Day 2: I went into the client's iLok account on ilok.com, and under the Help section, found an article on 'Broken, lost or stolen iLoks'. Clicking on the link I was presented with a clear set of instructions as to what to do next. Pace will replace the iLok free of charge if it fails in the first year and it hasn't been physically damaged.
When you are satisfied it is faulty you have to start an 'RMA process', which involves sending it back to Pace in the US — there is no UK-based operation. You may be charged $39.95 plus shipping, depending what they find. Next, you need to fill in the on-line RMA form, which is clearly laid out, with prompts to help you along the way.
Once I had submitted the RMA, I received an email from Pace explaining again how the process works, reminding me that I had to send them the iLok even if it started working again. The email confirmed the iLok serial number, gave me an RMA tracking ID and explained how and where to return the broken iLok. They strongly recommend that you send it via a service that requires a signature at the far end and offers a tracking system whilst in transit. They advise you to only insure the iLok for its hardware value and not include the value of the licences held on it, as this can cause a delay in Customs. A second email also arrived almost simultaneously, advising me of the potential total cost of $39.95 for the RMA and an estimated return shipping of $33.14.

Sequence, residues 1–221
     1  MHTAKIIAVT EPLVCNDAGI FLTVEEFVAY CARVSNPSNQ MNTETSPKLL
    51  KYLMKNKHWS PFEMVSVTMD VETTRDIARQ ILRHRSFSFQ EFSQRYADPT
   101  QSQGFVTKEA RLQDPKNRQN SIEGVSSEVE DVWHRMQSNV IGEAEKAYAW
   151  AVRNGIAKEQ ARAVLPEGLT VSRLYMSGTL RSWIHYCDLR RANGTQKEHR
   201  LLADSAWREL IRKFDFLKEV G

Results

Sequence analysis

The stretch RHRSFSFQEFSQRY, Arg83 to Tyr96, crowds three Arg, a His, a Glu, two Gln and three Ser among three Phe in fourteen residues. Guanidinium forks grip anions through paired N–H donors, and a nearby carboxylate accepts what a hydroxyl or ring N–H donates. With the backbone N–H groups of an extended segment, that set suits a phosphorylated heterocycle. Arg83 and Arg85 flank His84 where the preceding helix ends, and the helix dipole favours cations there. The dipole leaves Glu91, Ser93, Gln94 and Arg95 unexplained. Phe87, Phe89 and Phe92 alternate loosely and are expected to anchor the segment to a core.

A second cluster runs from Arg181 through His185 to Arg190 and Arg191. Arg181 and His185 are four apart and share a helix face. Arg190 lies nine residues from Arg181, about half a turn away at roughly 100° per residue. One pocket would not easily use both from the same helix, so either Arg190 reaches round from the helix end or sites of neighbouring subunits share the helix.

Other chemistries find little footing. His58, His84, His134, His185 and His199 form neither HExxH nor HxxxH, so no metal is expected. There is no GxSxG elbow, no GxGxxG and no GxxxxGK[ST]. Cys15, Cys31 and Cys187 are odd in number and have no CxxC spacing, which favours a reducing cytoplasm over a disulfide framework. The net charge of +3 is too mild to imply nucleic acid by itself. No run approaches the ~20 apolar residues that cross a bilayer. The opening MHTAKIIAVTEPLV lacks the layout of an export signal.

I packaged up the iLok in bubble wrap and then into a padded envelope, labelled exactly as described on the RMA confirmation email including the RMA number, and set off to my local post office. Airsure seemed to meet the advice from Pace, as it is a tracked service, and it cost £5.84 to send it insured up to the value of £36.
Day 10: Eight days later I received an email from FedEx, advising me of the tracking number of a package from Pace.
Day 11: I received an email from Waves advising me that they had been informed by Pace that some of the licences on the broken iLok were Waves licences, and that they had reset the Waves Authorisations on the client's Waves account so I could download the licences on to the new iLok when it arrived from Pace. The FedEx tracking system reported that the package was now in the UK.